EHC: GMG and indeed the Scott Trust say they (by choice) have no control over the Regional Marque. It all comes down to advertising sales. They will try to keep the big edition "nice" if they think that "true to life" upsets advertisers.

The Treasury appear to accept the market meme that says that in normal times shorting stocks is useful and part of the functionality of the market. I wouldn't necessarily agree that it does this. But I'm no expert.

The toxicity appears to come from the barrow boys sticking the knife in over a matter of hours rather than taking a position months ahead. But again I'm no expert.

Everybody Hates Chris said...

I agree. You are absolutely right. You're are indeed no expert.

The group that Paul Myners belongs to was the main activist in the short-selling of Bradford & Bingleu shares. Does that make them 'barrow boys'?

Does it also explain why the Labour goverment has taken absolutely no action in curtailing the practice of short-selling?

Chris Paul said...

This is tedious. No-one denies that there have been Labour supporters working in the financial markets. NL appear to still think that shorting stocks is a valuable market function except in extreme conditions.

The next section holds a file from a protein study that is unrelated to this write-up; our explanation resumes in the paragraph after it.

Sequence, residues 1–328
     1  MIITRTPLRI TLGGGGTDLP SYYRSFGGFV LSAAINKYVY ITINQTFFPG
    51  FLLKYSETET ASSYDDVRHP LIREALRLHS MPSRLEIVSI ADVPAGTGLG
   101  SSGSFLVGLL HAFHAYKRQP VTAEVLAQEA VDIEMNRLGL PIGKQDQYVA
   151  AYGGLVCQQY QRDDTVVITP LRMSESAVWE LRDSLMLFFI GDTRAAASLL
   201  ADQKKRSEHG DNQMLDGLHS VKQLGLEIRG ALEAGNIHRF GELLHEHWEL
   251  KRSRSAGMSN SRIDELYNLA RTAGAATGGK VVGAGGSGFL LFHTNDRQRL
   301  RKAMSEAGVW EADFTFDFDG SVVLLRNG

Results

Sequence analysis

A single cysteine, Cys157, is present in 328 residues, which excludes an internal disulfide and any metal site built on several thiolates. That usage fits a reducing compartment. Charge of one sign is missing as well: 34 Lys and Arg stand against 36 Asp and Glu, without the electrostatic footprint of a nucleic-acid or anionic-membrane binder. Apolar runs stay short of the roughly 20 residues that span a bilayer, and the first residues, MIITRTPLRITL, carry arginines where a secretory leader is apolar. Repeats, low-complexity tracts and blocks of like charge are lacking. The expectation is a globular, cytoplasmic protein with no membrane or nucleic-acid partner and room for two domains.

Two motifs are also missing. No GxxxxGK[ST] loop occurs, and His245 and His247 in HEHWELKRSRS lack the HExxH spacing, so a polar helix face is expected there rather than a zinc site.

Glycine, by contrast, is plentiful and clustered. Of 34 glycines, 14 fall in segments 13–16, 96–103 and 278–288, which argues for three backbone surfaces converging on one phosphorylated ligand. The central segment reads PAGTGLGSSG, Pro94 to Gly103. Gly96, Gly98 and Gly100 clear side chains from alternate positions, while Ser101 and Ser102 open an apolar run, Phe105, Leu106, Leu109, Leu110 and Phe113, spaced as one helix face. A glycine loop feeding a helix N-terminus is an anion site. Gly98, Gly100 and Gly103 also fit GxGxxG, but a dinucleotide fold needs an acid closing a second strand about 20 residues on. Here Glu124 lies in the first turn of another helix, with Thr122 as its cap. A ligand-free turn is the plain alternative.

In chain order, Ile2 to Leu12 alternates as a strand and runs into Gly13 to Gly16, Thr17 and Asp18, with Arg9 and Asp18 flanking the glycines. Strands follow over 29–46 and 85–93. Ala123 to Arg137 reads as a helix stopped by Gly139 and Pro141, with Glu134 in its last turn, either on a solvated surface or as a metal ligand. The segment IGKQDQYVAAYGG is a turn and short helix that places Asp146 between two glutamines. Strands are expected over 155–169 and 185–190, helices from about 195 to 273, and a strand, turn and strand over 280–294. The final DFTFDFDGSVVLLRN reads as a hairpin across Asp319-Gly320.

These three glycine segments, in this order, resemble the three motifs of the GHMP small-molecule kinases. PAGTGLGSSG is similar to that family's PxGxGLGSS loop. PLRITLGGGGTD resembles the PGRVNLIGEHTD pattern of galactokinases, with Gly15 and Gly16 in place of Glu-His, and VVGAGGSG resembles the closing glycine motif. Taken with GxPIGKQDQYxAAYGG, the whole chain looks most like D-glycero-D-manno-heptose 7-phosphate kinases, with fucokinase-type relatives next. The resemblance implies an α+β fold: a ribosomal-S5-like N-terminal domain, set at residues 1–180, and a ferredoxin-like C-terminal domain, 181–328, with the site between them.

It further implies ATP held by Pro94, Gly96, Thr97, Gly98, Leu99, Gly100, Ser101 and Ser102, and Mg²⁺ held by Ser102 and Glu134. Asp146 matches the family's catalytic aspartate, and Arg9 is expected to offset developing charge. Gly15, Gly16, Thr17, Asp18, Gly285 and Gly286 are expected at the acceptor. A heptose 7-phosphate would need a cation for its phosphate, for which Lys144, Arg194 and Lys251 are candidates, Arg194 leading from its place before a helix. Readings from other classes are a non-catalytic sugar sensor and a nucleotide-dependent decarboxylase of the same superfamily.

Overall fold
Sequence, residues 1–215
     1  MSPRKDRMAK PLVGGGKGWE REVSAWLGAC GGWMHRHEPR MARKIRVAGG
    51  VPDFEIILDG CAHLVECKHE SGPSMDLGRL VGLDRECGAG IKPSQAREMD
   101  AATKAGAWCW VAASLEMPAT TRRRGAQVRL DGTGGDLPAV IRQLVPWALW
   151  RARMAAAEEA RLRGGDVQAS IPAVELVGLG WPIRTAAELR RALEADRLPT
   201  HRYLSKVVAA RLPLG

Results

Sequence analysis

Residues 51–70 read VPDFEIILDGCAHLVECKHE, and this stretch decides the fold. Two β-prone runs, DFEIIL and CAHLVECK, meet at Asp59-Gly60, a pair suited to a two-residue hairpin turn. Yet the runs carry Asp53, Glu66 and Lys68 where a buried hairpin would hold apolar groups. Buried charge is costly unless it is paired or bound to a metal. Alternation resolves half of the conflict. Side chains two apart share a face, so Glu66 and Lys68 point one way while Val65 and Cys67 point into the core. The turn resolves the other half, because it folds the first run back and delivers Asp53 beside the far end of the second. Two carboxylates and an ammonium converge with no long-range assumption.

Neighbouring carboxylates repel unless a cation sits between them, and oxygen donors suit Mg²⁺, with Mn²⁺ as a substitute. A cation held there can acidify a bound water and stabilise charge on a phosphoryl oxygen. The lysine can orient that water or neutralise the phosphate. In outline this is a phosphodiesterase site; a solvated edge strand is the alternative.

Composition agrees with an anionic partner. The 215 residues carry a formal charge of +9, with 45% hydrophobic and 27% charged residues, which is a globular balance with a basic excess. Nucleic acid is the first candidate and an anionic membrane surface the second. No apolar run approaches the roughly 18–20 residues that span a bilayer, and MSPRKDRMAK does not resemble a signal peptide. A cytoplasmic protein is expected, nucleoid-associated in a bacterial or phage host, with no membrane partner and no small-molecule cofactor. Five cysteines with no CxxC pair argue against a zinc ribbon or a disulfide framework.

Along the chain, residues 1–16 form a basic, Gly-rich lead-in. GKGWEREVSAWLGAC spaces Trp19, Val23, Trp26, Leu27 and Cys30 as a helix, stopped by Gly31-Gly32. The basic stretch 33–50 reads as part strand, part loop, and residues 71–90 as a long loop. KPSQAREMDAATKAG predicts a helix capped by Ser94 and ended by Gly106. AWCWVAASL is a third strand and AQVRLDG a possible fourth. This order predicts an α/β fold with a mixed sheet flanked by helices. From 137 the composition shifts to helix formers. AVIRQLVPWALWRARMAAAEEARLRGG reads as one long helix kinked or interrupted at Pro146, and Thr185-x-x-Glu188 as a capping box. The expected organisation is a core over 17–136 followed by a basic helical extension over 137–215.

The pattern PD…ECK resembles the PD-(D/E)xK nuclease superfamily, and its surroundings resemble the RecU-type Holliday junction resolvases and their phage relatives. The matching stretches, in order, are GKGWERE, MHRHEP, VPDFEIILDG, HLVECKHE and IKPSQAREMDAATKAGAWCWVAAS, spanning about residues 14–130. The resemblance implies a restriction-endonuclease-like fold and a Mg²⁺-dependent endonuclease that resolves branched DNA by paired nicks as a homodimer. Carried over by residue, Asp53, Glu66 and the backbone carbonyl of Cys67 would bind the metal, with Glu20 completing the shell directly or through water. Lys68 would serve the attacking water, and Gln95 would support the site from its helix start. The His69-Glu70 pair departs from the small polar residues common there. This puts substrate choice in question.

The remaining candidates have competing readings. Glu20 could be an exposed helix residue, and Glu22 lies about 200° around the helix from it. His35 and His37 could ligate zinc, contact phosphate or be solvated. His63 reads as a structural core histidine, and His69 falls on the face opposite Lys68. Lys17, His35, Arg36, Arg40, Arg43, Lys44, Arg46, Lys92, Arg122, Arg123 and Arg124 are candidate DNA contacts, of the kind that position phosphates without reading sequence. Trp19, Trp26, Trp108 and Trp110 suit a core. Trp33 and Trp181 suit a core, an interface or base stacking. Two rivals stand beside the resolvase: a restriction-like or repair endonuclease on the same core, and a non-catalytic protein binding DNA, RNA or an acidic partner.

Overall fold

But contrary to your rather foolish assertion EHC the government HAS taken action in curtailing short-selling for six months.

Once again this is the lowest non-sequitor tactic of the muppet troll. The post is about vicarious liability. And about Rowen failing to protect himself from the boy Hennigan.

As of now the government of LOL will take action as it sees fit to curtail or short if you'd rather off topic comments.

Get your own blog. This is tedious EHC. Why on earth are you sticking up for asbestos? Why are you sticking up for Cyril? Why are sticking up for Hennigan? Why are you continuously changing the subject rather than answering the hard questions?

If you want to ask different hard questions get your own blog. If I comment at all - and no promises - I will guarantee to do so as far as I can without changing the subject to irrelevancies.

And yes, you are STILL a cowardly individual who should stick your real name on your arguments.

Everybody Hates Chris said...

A ha. I thought your warm-up act, Tory Boy, was going to fall into the trap, but it looks like it has caught somebody completely different.

The Labour government has in fact taken no action in curtailing short selling - not even for six minutes let alone six months.